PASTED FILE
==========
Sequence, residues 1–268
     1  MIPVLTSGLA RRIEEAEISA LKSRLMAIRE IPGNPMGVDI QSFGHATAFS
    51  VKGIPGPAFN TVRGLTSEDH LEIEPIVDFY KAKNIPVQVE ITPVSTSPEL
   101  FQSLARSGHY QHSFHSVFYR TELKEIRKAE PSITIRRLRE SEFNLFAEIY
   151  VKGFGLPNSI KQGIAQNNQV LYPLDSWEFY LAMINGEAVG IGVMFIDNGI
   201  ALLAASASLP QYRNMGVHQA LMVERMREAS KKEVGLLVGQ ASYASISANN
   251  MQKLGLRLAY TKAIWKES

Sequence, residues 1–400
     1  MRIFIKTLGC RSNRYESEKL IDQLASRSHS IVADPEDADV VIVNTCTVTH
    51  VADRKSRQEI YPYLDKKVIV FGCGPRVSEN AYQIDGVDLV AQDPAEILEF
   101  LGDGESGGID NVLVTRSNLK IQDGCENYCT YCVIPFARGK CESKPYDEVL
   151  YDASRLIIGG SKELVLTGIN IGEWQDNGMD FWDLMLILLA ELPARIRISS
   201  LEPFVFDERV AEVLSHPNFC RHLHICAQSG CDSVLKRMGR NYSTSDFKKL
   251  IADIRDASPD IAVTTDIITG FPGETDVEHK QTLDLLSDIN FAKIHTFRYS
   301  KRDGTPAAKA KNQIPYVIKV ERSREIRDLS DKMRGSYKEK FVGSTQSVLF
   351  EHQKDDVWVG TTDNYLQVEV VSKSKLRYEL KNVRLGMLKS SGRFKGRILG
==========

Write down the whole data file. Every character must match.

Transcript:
Sequence, residues 1–268
     1  MIPVLTSGLA RRIEEAEISA LKSRLMAIRE IPGNPMGVDI QSFGHATAFS
    51  VKGIPGPAFN TVRGLTSEDH LEIEPIVDFY KAKNIPVQVE ITPVSTSPEL
   101  FQSLARSGHY QHSFHSVFYR TELKEIRKAE PSITIRRLRE SEFNLFAEIY
   151  VKGFGLPNSI KQGIAQNNQV LYPLDSWEFY LAMINGEAVG IGVMFIDNGI
   201  ALLAASASLP QYRNMGVHQA LMVERMREAS KKEVGLLVGQ ASYASISANN
   251  MQKLGLRLAY TKAIWKES

Sequence, residues 1–400
     1  MRIFIKTLGC RSNRYESEKL IDQLASRSHS IVADPEDADV VIVNTCTVTH
    51  VADRKSRQEI YPYLDKKVIV FGCGPRVSEN AYQIDGVDLV AQDPAEILEF
   101  LGDGESGGID NVLVTRSNLK IQDGCENYCT YCVIPFARGK CESKPYDEVL
   151  YDASRLIIGG SKELVLTGIN IGEWQDNGMD FWDLMLILLA ELPARIRISS
   201  LEPFVFDERV AEVLSHPNFC RHLHICAQSG CDSVLKRMGR NYSTSDFKKL
   251  IADIRDASPD IAVTTDIITG FPGETDVEHK QTLDLLSDIN FAKIHTFRYS
   301  KRDGTPAAKA KNQIPYVIKV ERSREIRDLS DKMRGSYKEK FVGSTQSVLF
   351  EHQKDDVWVG TTDNYLQVEV VSKSKLRYEL KNVRLGMLKS SGRFKGRILG